For Too Many Years School Leaders Have Been Trying to ‘Reinvent the Wheel’…

…School leaders should spend their time ‘rediscovering the wheel’.

Emperor's New Clothes

School leaders should spend their time grappling with the ‘big ideas’ and they should be reading about and discussing the things that matter. They should lead their staff in great conversations about the things that matter. Unfortunately too many school leaders are using the slogans and ideas that originate in the business world to try to ape global enterprises. They get their staff suited and booted, and bring in the latest graphs to represent the biggest data they can find. They follow the latest ‘research’ uncritically and get their staff to do inset on anything that seems to be working. There is a problem following business and that is most companies don’t last long.  The average US company in the 1920’s lasted 67 years, in 2012 this was down to 15 years. In the UK we have some of the oldest schools in the world, we shouldn’t be following the business world, if anything the business world should be following our education institutions.

Intriguingly some thoughtful people in the corporate world are onto the problem and, just as schools are being influenced more and more by business practices, they are looking elsewhere. Whilst some head teachers are picking up the latest neuro-bollocks-books with jazzy covers and getting their middle leaders to go on courses with titles like: ‘How to Squeeze the Last Drop of blood C-Grade Success From a Free School Meal Urchin’; some ‘CEO’s’ are turning away from short-term solutions. These leaders are putting away their tired business manuals and no longer hiring consultants who peddle this year’s big new idea based on ‘pop psychology’ or barely understood ‘shallow science’ and are turning to the great books and thinkers of the past. They take a moment to pause and to realise that: “The only way to become a real thought leader is to ignore all this noise and listen to a few great thinkers. You will learn far more about leadership from reading Thucydides’s hymn to Pericles than you will from a thousand leadership experts.”

Head teachers, school leadership teams and teachers should be rediscovering the core beliefs that enabled western education to thrive throughout the centuries. The danger signs that many are ignoring the great intellectual inheritance are all around us. Has the theory of ‘Mindset’, the idea of ‘Assessment for Learning’, the ofsted-inspired-over-marking of every book in a variety of different coloured pens, the mind-mapped, brain gymed, thinking hatted, two stars and a wish, wilt, walt, managed to divert your school from the central purpose of educating children in the pursuit of wisdom to help them flourish in their lives?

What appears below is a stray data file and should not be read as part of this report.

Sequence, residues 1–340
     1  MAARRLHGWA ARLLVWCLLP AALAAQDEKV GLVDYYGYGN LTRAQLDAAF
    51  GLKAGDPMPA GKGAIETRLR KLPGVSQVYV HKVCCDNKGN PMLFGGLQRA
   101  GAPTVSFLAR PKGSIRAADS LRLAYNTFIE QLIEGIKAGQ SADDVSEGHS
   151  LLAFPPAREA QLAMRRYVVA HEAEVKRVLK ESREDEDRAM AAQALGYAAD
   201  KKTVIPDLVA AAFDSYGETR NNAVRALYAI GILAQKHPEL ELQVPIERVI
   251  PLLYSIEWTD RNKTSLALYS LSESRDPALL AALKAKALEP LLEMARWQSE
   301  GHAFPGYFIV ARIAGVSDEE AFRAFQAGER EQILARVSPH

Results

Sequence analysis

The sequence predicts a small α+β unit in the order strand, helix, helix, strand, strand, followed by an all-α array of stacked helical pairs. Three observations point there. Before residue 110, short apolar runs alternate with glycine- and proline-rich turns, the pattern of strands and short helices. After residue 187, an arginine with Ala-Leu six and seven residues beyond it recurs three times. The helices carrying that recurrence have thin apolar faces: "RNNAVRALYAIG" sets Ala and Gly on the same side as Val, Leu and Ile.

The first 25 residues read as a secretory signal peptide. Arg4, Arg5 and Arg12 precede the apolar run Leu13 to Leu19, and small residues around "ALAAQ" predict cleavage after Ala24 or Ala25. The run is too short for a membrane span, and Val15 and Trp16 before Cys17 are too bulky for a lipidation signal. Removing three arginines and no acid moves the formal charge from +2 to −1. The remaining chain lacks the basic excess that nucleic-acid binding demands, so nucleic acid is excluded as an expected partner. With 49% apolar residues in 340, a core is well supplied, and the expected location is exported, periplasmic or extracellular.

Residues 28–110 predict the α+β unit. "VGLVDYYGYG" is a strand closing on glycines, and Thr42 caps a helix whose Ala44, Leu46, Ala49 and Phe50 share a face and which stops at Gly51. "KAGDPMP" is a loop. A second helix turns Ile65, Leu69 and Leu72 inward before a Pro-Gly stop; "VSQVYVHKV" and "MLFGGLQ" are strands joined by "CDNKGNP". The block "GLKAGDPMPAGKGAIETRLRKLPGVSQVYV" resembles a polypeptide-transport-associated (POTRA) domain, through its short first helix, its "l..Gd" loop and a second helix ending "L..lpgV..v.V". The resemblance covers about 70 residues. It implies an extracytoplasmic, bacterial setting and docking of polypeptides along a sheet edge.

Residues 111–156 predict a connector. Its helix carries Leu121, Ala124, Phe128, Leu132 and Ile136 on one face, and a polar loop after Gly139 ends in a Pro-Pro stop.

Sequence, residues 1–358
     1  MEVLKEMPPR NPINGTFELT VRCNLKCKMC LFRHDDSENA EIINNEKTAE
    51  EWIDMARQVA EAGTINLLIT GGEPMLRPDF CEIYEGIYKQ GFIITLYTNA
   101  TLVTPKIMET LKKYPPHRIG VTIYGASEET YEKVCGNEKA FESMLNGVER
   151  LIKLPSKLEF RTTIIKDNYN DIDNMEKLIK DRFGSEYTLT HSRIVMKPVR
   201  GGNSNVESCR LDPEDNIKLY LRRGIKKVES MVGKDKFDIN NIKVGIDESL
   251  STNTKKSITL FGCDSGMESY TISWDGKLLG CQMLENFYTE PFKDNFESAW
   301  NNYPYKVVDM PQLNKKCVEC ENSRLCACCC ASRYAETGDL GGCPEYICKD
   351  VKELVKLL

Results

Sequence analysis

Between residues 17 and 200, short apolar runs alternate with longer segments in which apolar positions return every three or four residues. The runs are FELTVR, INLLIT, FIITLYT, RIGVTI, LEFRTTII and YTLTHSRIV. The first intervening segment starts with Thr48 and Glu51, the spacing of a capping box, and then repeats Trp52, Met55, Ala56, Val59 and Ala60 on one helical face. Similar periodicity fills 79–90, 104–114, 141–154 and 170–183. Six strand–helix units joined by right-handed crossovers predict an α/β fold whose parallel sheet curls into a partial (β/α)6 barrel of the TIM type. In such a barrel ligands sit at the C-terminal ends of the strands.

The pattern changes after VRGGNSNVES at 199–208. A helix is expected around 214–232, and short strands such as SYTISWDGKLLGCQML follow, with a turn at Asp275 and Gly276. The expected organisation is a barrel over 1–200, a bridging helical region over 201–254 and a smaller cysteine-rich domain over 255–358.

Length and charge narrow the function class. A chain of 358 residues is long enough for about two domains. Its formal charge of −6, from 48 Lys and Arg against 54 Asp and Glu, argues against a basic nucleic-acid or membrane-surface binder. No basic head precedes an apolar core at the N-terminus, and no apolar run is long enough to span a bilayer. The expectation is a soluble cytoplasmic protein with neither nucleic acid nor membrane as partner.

The oldest company in the world is said to be Nissiyama Onsen Keiunkan, a Japanese hotel founded in 705. In Japan they have a word for long-lived companies: Shinise. “Professor Makoto Kanda, who has studied shinise for decades, says that Japanese companies can survive for so long because they are small… and because they focus on a central belief or credo that is not tied solely to making a profit.” This is what great schools do, they focus on a central belief or credo and are not tied solely to shoving more and more kids into getting ever higher exam results in ever more subjects. A great school will communicate its central credo well. A school that chops and changes without a central core to keep it steady will chase results, ofsted rumours, and the latest fad at its peril. A central credo can be represented by an eloquent school motto but some schools have even cheapened this with ugly business speak. Who would want their child to attend a school whose ethos is summed up by unfortunate corporate cliches like ‘reach for the sky’ or ‘team workers for citizenship’? These are empty aphorisms that show the school wears its Emperor’s New Clothes without a sense of shame, an inarticulate central credo is of no use to anyone.

A school with a strong central belief has a great core or spine around which somewhat paradoxically it can innovate. Great institutions change with the times but don’t change their mission. A great tradition is the backdrop for great innovation. Too many schools are so focused on the next big idea that they lose sight of the great ideas on which education is based. This is why the sub title of my book Trivium 21c is: ‘Preparing Young People for the Future With Lessons From the Past.’ If you always look to reinvent the wheel there comes a point when the wheel no longer works, it might no longer roll down a hill but it’s squareness is a huge disadvantage going up the hill!

It is time for great school leaders to take note and stop trying to ape the here today gone tomorrow businesses, instead of management speak and the corporate lingo of targets and objectives get your staff talking about the great stories, philosophers and educationalists of the past and rediscover the core purpose of education.

Instead of trying to emulate TESCO find out about a bit of PLATO, Aristotle, Hume, Oakeshott, Peirce, Aquinas, Augustine et al… Oh and read my book and get me to come into your school to help you with some ‘inward-bound’ courses to start the great conversation with your staff. (Paradox?)